While I must bow to my wife as the true queen of frugality, I’ve learned quite a bit along the way about how to bargain to get the best prices out there on several things. I’ve bargained on medical bills, cars, appliances, furniture, electronics, advertising, job offers, and a ton of other things too. While bargaining doesn’t always equal saving money, it should most of the time. Similarly, if you are bargaining with someone who will have an ongoing relationship with you, it will set a precedent that you expect the best price and save you headache going forward, if you want to find more tips on how you can make a business grow fast, read this new post about business management in UAE. So what are some of the best ways to get a bargain? Here are a few tried-and-true methods:
- Remember that the first number loses – If you are interesting in buying something, make the person selling give you the price instead of providing them an offer. If you start with a number, they’re of course going to go higher. If you let them offer a number, you can either take it or offer lower. If you give the number first, you lose. Let me explain. When I was getting ready to purchase a car several years ago, I had cash in hand, but my budget was VERY limited. The asking price for the little car I liked was $5,995. They offered it to me at $5,000. I countered with $3,400 and ultimately got it for $3,800. I would have never dreamed I would have gotten the car (worth about $5,000) for that little and so if I’d made a reasonable offer, I would have offered $4,500 and probably paid $4,800. My guess is that forcing them to make me the offer saved me $1,000 or so.
- Be honest – Based on my current job responsibilities, I’m regularly shopping for some pretty expensive items. As such, when I receive a quote that is out of my budget, I’m up-front and honest in telling a vendor that their pricing tells me I can’t use them. I’m also going to tell them up-front that I expect an honest experience because I have no loyalty with a vendor until that vendor proves its worth for my repeat business. Likewise, if I’m expecting the seller of an item to be honest with me about what I’m buying, they better expect me to be equally as honest with them about our dealings.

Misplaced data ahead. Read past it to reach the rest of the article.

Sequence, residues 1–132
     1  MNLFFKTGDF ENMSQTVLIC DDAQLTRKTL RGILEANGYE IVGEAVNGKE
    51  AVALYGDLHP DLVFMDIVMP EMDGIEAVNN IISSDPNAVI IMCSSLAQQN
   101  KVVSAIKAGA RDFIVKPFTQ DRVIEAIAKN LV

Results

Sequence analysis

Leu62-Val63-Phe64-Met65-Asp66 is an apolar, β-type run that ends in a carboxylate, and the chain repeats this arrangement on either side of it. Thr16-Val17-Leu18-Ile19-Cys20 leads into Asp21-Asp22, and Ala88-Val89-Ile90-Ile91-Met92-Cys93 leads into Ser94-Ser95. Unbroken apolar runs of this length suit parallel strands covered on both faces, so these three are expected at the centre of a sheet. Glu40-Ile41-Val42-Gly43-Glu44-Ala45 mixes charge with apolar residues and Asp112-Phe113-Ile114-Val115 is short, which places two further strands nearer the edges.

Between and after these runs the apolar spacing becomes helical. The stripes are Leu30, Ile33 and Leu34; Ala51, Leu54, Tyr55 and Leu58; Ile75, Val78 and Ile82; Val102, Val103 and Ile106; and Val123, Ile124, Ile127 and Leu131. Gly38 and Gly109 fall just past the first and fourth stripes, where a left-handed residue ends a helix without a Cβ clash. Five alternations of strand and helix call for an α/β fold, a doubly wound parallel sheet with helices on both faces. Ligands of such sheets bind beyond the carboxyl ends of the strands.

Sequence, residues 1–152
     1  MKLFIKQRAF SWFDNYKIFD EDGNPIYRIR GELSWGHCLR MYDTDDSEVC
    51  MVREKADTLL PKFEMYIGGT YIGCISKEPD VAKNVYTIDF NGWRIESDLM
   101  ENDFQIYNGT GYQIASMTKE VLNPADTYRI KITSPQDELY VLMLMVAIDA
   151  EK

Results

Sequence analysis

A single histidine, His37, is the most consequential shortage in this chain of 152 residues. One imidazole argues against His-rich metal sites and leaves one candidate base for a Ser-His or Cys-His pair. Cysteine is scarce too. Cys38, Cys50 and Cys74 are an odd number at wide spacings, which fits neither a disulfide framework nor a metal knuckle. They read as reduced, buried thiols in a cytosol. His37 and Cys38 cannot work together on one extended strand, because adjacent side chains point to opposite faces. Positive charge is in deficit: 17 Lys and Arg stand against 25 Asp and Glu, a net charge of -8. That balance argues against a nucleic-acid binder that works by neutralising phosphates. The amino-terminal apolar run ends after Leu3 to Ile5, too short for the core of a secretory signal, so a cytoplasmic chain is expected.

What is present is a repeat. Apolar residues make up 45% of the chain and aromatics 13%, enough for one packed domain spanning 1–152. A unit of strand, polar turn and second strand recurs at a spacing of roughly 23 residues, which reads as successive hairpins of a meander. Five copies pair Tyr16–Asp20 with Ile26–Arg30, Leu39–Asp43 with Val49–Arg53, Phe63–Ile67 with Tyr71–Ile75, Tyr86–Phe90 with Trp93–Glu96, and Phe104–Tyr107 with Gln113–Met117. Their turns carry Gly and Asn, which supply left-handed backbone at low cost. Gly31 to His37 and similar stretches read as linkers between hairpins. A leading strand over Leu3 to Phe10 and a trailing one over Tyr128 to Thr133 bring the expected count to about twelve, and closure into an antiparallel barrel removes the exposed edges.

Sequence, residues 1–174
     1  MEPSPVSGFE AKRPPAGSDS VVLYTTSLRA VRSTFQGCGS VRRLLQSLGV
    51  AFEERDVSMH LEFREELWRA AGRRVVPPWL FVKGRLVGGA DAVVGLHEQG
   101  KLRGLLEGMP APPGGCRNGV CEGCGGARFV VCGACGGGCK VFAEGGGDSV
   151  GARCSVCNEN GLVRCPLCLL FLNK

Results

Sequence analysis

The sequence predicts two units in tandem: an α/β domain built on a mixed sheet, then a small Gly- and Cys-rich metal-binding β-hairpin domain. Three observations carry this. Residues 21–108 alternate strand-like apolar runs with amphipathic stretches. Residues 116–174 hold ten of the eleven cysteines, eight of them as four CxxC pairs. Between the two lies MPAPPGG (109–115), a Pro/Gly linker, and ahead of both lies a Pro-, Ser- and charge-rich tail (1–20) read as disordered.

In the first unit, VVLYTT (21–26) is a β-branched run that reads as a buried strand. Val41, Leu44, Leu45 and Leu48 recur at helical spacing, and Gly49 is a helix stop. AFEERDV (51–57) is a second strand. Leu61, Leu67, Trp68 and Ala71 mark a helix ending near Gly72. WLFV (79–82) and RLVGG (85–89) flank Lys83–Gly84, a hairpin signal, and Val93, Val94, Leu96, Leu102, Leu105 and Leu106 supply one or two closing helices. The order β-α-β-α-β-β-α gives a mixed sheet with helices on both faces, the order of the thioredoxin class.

- Dents = $ Signs – Why is it that people are so hung up on buying something that is perfect? I can’t tell you how much money I’ve saved by limiting my shopping to “scratch and dent” items. Usually the scratch/dent is so obscure you can’t see it or would create one to match it if you were to buy the item and then whack it on a door frame as you moved it in your house. I’m not sure if you know this or not, but a fridge that has a slight scratch means one of two things: 1)you saved money when you bought it or 2) you have owned it more than 2.3 nanoseconds with a toddler in your home.
- Maintain Walkaway Power – There are times when the deal just won’t work. You have a number in mind and so does the other guy. But you’re sticking to your guns (and your budget) and it just doesn’t work. Be willing to walk away. Maybe you miss out on the deal, but maybe the guy calls an hour later and says he’ll come down some more to meet your budget. Happens all the time.
- Use Common Sense Rules – Last year’s model will almost always be cheaper than this year’s. With most things, slightly used is just as good as new but with half the price. Using a coupon on something you were planning to buy anyway is like having extra cash in hand. Avoiding the emotional “hype” of buying something will always help you make a better decision (and pay less money). Be patient with your decision to buy or not to buy. Waiting makes the other guy nervous!
People pay thousands to learn how to negotiate, but I find the rules are pretty much the same wherever you go. When you do this right, you save yourself lots of money and build a reputation as someone who is good to have in your corner. If you do this at work, the finance department may send you cookies. Your boss may promote you, and your co-workers will come to you when they can’t make their budget work. It is a beautiful thing (for a nerd like me). Negotiating is standard fare in many cultures but many of us have somehow missed out on this as a way to save money. While it may be a little strange at first, it will save you money. I don’t know about you, but I can be a little uncomfortable temporarily if I know it will save me some money.
So how about you? How do you negotiate? What works/doesn’t work for you?